B.C.’s police watchdog investigating man’s death in Maple Ridge

Man was found dead Jan. 11 after recent contact with police

Chilliwack Law Courts. (Black Press file)
Man sentenced to 20 months for sexual offences involving a minor in Mission

Will Laws Clark was 22 and victim was 13 at time offences began

Rolling seven-day average of cases by B.C. health authority to Jan. 21. Fraser Health in purple, Vancouver Coastal red, Interior Health orange, Northern Health green and Vancouver Island blue. (B.C. Centre for Disease Control)
2nd COVID vaccine doses on hold as B.C. delivery delayed again

New COVID-19 cases slowing in Fraser Health region

Provincial health officer Dr. Bonnie Henry talk about the next steps in B.C.’s COVID-19 Immunization Plan during a press conference at Legislature in Victoria, B.C., on Friday, January 22, 2021. Two more cases of the COVID-19 strain first identified in South Africa have been diagnosed in British Columbia, bringing the total to three as of Jan. 16.THE CANADIAN PRESS/Chad Hipolito
B.C. now has three cases of South African COVID-19 variant, six of U.K. strain

Both variants are thought to spread faster than earlier strains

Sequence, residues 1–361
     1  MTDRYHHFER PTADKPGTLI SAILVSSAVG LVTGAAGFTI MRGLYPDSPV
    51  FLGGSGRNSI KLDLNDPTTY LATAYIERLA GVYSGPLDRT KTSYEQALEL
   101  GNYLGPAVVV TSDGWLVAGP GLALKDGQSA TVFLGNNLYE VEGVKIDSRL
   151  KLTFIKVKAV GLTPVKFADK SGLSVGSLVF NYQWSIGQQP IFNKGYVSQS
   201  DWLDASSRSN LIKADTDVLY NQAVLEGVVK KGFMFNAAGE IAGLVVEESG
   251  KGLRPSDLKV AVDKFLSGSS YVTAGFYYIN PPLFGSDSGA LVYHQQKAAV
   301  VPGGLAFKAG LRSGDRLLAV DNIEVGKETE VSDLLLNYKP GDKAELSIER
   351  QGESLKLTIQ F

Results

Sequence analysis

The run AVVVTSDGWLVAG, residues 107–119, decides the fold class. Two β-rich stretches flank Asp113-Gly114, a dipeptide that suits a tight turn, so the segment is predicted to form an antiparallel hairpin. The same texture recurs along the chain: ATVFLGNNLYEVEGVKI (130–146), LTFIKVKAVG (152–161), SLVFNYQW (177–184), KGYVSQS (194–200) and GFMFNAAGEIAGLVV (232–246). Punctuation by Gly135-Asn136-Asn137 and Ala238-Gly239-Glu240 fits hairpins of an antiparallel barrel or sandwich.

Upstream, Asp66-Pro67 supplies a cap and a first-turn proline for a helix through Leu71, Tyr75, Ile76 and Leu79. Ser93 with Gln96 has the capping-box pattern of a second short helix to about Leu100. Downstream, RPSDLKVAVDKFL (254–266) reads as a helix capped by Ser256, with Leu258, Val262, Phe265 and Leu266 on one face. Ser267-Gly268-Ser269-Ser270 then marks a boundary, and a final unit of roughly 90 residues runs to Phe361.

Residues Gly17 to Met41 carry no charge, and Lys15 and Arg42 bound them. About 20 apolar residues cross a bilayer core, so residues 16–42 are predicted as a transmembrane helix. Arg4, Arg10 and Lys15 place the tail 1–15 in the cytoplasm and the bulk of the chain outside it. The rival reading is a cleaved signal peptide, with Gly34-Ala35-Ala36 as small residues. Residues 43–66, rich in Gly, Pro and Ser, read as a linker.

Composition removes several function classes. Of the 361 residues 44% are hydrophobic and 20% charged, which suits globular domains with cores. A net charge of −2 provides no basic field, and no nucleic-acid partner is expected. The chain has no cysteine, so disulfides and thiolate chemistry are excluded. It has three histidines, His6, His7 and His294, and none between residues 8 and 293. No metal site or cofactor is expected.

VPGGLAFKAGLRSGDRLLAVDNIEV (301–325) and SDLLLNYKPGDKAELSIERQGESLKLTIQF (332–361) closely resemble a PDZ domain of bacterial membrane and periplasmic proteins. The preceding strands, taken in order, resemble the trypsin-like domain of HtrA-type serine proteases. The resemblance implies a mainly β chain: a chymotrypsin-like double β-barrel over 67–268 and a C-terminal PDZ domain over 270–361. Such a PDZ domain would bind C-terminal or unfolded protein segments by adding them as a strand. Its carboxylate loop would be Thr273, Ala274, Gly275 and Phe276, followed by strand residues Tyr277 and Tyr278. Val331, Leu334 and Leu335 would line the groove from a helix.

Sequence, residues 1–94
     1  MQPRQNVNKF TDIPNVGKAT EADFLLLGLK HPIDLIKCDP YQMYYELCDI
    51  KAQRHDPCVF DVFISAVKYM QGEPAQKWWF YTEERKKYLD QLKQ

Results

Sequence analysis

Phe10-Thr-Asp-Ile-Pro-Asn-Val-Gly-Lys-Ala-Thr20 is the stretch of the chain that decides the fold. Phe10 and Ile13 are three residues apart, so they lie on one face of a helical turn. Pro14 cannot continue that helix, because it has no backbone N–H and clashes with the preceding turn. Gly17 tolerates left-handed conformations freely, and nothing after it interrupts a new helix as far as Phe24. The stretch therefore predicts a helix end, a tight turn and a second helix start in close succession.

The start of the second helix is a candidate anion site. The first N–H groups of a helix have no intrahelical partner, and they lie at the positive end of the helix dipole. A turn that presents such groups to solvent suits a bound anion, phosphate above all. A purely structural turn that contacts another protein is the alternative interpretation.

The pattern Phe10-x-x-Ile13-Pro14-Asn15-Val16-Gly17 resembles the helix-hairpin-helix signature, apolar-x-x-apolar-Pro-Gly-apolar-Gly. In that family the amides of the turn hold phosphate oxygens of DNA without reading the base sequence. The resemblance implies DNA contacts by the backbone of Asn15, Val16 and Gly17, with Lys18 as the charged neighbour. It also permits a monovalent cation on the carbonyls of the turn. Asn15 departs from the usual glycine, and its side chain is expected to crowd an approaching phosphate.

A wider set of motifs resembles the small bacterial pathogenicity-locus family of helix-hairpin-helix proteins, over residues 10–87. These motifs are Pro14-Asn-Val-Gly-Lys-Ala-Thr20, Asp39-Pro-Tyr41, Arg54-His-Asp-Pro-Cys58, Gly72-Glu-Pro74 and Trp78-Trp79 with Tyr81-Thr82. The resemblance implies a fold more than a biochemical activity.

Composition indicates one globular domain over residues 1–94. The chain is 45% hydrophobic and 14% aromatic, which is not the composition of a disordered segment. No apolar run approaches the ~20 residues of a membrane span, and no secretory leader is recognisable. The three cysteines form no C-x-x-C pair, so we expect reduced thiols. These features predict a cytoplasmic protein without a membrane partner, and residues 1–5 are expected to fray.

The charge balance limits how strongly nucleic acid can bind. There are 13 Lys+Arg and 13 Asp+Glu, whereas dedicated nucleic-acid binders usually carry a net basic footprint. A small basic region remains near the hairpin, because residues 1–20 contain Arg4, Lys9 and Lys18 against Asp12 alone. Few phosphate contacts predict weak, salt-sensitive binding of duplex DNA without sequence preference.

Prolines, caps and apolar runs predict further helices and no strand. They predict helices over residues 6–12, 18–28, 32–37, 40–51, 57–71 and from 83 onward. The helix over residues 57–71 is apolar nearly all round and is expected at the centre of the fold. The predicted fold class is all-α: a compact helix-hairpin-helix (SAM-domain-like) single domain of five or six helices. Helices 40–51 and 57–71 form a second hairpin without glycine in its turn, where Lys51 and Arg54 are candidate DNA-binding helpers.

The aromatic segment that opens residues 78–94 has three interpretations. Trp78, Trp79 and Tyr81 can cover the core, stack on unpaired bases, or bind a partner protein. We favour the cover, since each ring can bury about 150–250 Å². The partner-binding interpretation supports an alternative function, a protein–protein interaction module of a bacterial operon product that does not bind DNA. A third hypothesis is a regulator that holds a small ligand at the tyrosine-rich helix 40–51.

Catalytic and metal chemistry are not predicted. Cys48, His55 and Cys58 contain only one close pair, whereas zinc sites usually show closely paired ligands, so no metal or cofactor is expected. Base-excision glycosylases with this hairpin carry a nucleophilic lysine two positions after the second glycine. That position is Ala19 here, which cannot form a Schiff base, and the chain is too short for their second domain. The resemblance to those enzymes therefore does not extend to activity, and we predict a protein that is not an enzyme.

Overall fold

Rodney and Ekaterina Baker in an undated photo from social media. The couple has been ticketed and charged under the Yukon’s <em>Civil Emergency Measures Act</em> for breaking isolation requirements in order to sneak into a vaccine clinic and receive Moderna vaccine doses in Beaver Creek. (Facebook/Submitted)
Great Canadian Gaming CEO resigns after being accused of sneaking into Yukon for vaccine

Rod Baker and Ekaterina Baker were charged with two CEMA violations each

Police discovered a makeshift nightclub in a Vancouver apartment on Jan. 23, 2021, and say it wasn’t the first time this month officers have been called to the unit over social gathering concerns. (Phil McLachlan - Capital News)
Doorman of makeshift ‘booze-can’ in Vancouver apartment fined; police look to court order

This marks the fourth complaint about social gatherings inside the apartment in January

A Kelowna couple welcomed their Nooner baby in December. (Flytographer)
Kelowna couple welcomes baby girl from Hotel Zed Nooner campaign

Nicole and Alex will now have 18 years of free stays at the hotel

Kyrell Sopotyk was drafted by the Kamloops Blazers in 2016 and played two seasons with the Western Hockey League club. (Photograph By ALLEN DOUGLAS/KTW)
Kamloops Blazer paralyzed in snowboarding accident sparks fundraiser for family

As of Jan. 24, more than $68,000 had been raised to help Kamloops Blazers’ forward Kyrell Sopotyk

Most Read